[To THE EDITOR 01 THE "SPECTATOR."]
Sts,—In your short notice of Mr. Archibald Forbes's article in the Nineteenth Century on Napoleon III. at Sedan, you write —" We wish Mr. Forbes had added a definite opinion whether an attempt to break through was or was not incapable of success."
Having revisited the battle-field of Sedan innumerable times during the last twenty years, while visiting my brother- in-law, Pasteur Goulden, at his country-house in the famous Bois de la Gareane, adjoining the Calvaire d'Illy, where the German right and left joined hands, I have no doubt that Mr. Forbes would agree with me, that breaking through any- where at 4 p.m. was quite impossible.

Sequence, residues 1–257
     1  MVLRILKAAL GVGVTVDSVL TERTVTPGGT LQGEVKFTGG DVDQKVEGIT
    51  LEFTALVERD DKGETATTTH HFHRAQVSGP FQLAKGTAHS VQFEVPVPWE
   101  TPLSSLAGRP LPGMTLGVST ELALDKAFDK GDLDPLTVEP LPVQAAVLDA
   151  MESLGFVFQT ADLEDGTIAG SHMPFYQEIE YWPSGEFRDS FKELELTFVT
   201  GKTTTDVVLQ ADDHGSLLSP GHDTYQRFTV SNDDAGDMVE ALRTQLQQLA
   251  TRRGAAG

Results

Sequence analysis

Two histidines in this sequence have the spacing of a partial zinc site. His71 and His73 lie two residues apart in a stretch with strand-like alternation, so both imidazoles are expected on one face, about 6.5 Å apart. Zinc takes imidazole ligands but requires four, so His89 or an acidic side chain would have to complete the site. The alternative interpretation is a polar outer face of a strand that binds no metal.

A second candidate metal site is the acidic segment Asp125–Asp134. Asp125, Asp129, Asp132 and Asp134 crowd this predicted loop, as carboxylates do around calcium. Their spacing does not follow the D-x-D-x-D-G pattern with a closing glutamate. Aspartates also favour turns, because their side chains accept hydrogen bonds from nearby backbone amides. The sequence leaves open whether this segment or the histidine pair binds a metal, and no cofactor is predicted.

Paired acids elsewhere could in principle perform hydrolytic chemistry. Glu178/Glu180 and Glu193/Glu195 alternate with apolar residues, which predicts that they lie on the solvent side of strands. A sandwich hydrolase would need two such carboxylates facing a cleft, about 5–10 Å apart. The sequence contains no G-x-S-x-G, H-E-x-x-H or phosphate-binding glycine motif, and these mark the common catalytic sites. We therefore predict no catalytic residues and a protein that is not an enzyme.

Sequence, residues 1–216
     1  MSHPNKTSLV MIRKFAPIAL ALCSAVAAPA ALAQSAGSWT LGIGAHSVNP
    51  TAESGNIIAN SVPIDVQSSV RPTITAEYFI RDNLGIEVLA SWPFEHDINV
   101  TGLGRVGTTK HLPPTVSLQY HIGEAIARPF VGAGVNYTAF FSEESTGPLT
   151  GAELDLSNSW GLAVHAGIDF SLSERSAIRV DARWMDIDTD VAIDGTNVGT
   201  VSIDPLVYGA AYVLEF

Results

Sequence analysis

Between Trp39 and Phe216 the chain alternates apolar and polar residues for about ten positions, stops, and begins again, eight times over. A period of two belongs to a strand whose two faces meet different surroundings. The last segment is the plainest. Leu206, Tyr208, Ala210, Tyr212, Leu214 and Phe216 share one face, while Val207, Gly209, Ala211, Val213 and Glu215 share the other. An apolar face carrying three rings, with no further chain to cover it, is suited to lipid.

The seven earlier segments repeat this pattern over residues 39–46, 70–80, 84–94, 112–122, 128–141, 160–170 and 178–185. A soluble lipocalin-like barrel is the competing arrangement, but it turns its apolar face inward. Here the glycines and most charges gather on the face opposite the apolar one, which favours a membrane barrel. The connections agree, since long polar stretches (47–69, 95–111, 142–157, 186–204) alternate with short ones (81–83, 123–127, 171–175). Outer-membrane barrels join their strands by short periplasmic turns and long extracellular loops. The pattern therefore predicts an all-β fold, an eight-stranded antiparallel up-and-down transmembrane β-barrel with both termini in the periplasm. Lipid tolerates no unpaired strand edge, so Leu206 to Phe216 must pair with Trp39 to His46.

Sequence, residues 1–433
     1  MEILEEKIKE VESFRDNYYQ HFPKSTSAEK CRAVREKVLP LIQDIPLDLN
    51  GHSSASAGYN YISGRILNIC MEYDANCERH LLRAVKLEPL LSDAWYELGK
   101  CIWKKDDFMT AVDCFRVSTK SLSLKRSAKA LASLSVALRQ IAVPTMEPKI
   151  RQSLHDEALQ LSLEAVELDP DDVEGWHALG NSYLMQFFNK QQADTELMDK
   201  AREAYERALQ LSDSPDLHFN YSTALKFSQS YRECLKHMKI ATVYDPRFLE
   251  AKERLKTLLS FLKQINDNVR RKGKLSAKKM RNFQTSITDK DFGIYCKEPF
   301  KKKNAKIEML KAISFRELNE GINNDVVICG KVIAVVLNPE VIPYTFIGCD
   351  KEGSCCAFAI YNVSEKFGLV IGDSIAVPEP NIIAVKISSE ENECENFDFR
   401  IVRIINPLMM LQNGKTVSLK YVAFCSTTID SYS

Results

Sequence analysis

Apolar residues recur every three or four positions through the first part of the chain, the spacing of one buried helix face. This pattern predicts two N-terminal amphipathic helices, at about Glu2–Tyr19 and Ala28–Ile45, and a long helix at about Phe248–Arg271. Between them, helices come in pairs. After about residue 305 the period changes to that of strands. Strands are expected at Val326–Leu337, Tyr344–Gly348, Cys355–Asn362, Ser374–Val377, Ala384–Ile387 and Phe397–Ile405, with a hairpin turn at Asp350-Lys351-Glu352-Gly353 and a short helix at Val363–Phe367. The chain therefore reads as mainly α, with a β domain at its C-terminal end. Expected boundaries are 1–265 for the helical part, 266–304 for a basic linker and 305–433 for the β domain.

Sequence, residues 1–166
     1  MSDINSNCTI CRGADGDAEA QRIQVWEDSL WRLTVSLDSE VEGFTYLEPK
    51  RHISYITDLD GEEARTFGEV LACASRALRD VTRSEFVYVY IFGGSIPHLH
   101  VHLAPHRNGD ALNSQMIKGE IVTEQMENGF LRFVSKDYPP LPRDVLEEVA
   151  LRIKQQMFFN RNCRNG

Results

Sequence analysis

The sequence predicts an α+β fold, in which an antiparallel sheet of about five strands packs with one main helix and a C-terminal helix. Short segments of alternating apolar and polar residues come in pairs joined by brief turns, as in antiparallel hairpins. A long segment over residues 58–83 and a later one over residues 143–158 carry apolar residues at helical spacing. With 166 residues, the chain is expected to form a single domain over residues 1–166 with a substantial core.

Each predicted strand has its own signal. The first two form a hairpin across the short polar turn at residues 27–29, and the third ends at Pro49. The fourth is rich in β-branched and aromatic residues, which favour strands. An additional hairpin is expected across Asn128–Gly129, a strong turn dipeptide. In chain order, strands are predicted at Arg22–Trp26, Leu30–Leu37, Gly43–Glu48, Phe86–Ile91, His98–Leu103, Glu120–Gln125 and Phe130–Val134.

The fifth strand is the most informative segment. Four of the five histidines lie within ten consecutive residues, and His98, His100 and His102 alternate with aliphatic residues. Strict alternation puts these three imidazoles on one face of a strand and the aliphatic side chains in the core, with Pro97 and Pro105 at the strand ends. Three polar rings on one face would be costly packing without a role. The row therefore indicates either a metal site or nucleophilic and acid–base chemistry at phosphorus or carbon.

As a matter of fact, there was no solid body of French troops left wherewith to make an effectual outbreak. The French army was already knocked into a "cocked hat." General Wimpfen, who actually did break out of Sedan, by the Porte- de Balan, towards Montmedy, with about 1,500 men of all arms, found the attempt utterly hopeless. At the outset, he- managed to push the foremost Bavarians a few hundred yards back from the ramparts of the fortress of Sedan along the high-road connecting Sedan with Balan and Bazeilles. But he could make no further progress, being confronted with- solid bodies of Bavarians and Saxons, with the 4th Prussian Corps almost intact behind them, between Bazeilles and Dowzy.
General Wimpfen's attempt was a mere act of bravado, with which the Emperor very properly declined to associate